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Selected Shorts: Please Don't Explain

“Just a Little One,” by Dorothy Parker, read by Dana Ivey “The Spray,” by Jonathan Lethem, read by Robert Sean Leonard “The Swim Team,” by Miranda July, read by Parker Posey “Jesus Shaves,” by David

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Sunday, March 06, 2011

David Sedaris learns French, and three other tales involving elaborate explanations that only make things worse.

This edition of SELECTED SHORTS offers four stories in which elaborate explanations make things worse.   We start with a piece by Dorothy Parker, the doyenne of the Algonquin Round Table of New York literary wits, and writer for Vogue, Vanity Fair, and The New Yorker. In Parker’s “Just a Little One,” a friendly drink turns into an hilarious nightmare of recrimination.   It is read by the award-winning Broadway actress who most perfectly embodies Parker’s the saucy wit, the inestimable Dana Ivey.

The author of our next story, Jonathan Lethem, wrote the novels Chronic City, The Fortress of Solitude, and Motherless Brooklyn, which won the National Book Critics Circle Award. He brings to “The Spray,” in which a husband and wife find out more about each other than they bargained for, the same antic imagination and sardonic sense of humor that characterize his novels.

The reader is Robert Sean Leonard, a Tony Award-winning actor (“The Invention of Love”) now best known for his work on the television series “House.”

This program’s third reader is Parker Posey, an actress celebrated for her roles in Christopher Guest’s “Waiting for Guffman,” “A Mighty Wind,” and “Best in Show,” among many other independent films.  Appropriately enough, her assignment was to read a work by the film maker, writer, and performing artist, Miranda July.  Miranda July’s story collection, No One Belongs Here More Than You, won the Frank O’Connor International Short Story Award, and her first feature-length film “Me and You and Everyone We Know,” won a special jury prize at the Sundance Film Festival and four prizes at the Cannes Film Festival, including the Camera d’ Or. In her bittersweet story “The Swim Team,” a lonely woman creates an unusual swimming class for seniors.

The program ends with David Sedaris’s “Jesus Shaves,” a characteristically hyperbolic description of his French class by the best-selling author of such engaging titles as Naked, Me Talk Pretty One Day, Dress Your Family in Corduroy and Denim, and most recently, When You are Engulfed in Flames. Our reader, who found his own voice for this comical essay, is writer, film director, and noted Shakespearean, Tim Blake Nelson.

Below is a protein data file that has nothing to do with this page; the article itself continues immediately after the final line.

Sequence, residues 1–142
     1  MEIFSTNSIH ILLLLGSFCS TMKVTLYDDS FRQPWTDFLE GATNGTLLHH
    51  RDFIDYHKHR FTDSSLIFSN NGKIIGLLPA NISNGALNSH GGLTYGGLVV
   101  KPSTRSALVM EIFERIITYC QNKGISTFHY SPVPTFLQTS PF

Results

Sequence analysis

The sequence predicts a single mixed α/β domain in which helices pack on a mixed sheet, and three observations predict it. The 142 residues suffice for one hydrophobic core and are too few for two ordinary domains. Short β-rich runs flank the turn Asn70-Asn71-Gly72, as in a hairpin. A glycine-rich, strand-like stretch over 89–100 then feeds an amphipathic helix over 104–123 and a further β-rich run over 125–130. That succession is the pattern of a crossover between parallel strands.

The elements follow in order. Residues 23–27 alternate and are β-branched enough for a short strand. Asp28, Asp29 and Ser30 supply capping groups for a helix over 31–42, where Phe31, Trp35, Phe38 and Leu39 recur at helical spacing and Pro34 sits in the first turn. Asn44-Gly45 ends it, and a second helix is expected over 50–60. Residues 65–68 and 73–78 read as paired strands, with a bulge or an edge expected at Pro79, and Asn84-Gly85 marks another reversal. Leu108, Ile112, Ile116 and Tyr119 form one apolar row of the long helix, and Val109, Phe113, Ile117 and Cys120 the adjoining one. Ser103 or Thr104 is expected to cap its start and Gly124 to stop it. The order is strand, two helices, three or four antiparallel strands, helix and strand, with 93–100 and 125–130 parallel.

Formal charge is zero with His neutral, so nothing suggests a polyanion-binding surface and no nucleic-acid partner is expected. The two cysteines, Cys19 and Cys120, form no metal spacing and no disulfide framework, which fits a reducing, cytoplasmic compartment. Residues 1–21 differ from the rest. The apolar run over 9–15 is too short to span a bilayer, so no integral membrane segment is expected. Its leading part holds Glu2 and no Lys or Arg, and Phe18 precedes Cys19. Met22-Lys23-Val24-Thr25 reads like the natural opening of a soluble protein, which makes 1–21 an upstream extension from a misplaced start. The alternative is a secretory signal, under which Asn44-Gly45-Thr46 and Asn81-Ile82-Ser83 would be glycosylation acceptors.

The musical interlude is from the Penguin Café Orchestra’s “Surface Tension,” and the SELECTED SHORTS theme is Roger Kellaway’s “Come to the Meadow.”

For additional works featured on SELECTED SHORTS, please visit http://www.wnyc.org/shows/shorts/

We’re interested in your response to these programs.  Please comment on this site or visit www.selectedshorts.org

Announcing the 2011 Stella Kupferberg Memorial Short Story Prize.  This year's theme is stories set in restaurants and bars.  The judge is the author Jennifer Egan and the deadline is March 1, 2011. 

Guests:

Dana Ivey, Robert Sean Leonard and Parker Posey

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Comments [6]

M.A.R. from NJ

I should clarify, I'm referring to Miranda July's "The Swim Team."

Jun. 22 2011 11:40 PM
M.A.R. from NJ

Just attended the Selected Shorts reading in Livingston, NJ, and was very disappointed you chose to have this story read again. The reader, Aya Cash, did an excellent job, and the story itself is good, but why repeat yourself so soon, especially knowing that most of the audience will be made up of loyal listeners? Would have greatly preferred being exposed to something new, which is why I listen regularly in the first place.

Jun. 22 2011 11:32 PM

From the producers, re online access to SHORTS programs:

Unfortunately, copyright restrictions prevent us from archiving or streaming these programs, but they are available for a limited time as podcasts on iTunes, audible.com; and at npr.org. See the icon in the upper right hand corner, under "About Selected Shorts" to subscribe to the podcast for this program and selected past episodes.

Mar. 21 2011 11:13 AM
Jim K. from New York, NY

Will this episode be available online anytime? I loved it!!!

Mar. 18 2011 09:31 AM

From the producers:

Thank you for your enthusiastic remarks about Miranda July's work. Just a clarification about our series: PBS is the public television network. SELECTED SHORTS is distributed by Public Radio International (PRI) one of the public radio networks.

Mar. 07 2011 09:34 AM
W. D. Miller from Shell Beach, CA

Miranda July's short: The Swim Team is poignant: with a capital P, and made ever more sharply pointed by Parker Posey's reading. The story's tone and style reminds me of the novel Confederacy of Dunces by John Kennedy Toole. I will read all that Miranda July has written, and I wll go see her films. Thank you PBS for exposing me to this excellent writer.

Mar. 06 2011 10:26 PM

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